Automaker Nissan Motor will sell 500,000 electric vehicles annually by the end of 2013, Renault Nissan CEO Carlos Ghosn told reporters on eve of the market debut of the Nissan Leaf.

Nissan is launching its all-electric Leaf, which has a 100 mile range, in December. It plans to sell 20,000 Leafs in the United States over the next year.

Ghosn predicts that because of strong consumer demand, Nissan will be capacity constrained for the Leaf for the next three years.

Nissan and Renault will each have four electric vehicle models by 2013.  Nissan also plans to produce 200,000 battery packs annually and 150,000 vehicles in the U.S. alone by 2014 in its Leaf factory in Tennessee.

We're going to have to put some efforts into selling the car, but the kind of spontaneous demand is going to be driving the sales for the next three years, Mr. Ghosn said. There is such a curiosity about the car and attention to the car.

Ghosn predicted that 10 percent of the world car market would be electric vehicles by 2020. There is no doubt in the minds of anyone in the industry that this is going to be a big factor in the industry, he said.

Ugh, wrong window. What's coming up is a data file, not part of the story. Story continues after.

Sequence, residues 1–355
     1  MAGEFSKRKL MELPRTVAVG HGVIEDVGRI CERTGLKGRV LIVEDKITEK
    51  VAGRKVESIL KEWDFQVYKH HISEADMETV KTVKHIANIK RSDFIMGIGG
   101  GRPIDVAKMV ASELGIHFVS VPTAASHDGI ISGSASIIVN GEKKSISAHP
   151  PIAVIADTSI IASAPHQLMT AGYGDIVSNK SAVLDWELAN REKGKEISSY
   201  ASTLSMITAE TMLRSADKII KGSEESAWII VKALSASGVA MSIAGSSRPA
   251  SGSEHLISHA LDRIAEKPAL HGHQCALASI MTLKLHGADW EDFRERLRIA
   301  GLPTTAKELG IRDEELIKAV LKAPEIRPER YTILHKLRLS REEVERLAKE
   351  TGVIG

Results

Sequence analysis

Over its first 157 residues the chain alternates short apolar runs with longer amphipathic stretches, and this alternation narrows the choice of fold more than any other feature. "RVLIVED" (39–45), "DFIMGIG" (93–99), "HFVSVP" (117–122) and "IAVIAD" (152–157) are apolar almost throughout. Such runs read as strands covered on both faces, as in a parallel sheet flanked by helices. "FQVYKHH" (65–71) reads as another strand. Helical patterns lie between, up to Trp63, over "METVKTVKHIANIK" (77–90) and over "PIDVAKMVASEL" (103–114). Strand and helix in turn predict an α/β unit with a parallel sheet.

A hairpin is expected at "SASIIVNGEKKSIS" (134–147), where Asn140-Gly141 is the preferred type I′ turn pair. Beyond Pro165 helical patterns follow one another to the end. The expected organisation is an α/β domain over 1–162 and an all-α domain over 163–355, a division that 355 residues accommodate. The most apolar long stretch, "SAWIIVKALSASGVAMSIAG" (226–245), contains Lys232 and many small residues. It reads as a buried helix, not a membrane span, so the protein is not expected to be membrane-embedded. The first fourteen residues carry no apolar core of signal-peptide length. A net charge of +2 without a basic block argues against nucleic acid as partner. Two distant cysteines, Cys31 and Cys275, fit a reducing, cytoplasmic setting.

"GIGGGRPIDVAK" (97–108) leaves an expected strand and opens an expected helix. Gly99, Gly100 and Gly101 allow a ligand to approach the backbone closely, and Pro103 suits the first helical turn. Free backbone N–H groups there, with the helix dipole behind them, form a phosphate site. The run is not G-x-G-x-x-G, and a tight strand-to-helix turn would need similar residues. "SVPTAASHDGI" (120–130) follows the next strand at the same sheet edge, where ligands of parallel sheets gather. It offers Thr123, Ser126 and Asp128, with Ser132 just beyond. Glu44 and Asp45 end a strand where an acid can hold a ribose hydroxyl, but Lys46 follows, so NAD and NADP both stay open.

Nissan has priced its five-passenger 2011 Leaf at $32,780 plus a not-yet-announced destination fee. As an all-electric vehicle, the Nissan Leaf qualifies for a $7,500 federal tax credit. This brings the price down to $25,280, making it an affordable choice for a cutting edge alternative vehicle. Additionally, Nissan has arranged for consumers to either buy or lease the Leaf and will begin delivering the vehicles in December.

Electric vehicles (EVs) purchased in or after 2010 may be eligible for a federal income tax credit of up to $7,500. The credit amount will vary based on the capacity of the battery used to fuel the vehicle.

Governments across the world have set aside billions of dollars in the form of subsidies for early adopters of these alternative energy cars and to boost production of batteries for such vehicles despite persisting doubts about how many people will actually buy them.

The Department of Energy said it is investing $2.85 billion in electric vehicles of which $2 billion will go to help American carmakers produce advanced vehicle batteries and drive train components. Around $400 million will be invested to buy, test, and deploy different types of electric vehicles in the marketplace, and $300 million in cost-share projects under the 'Clean Cities' program.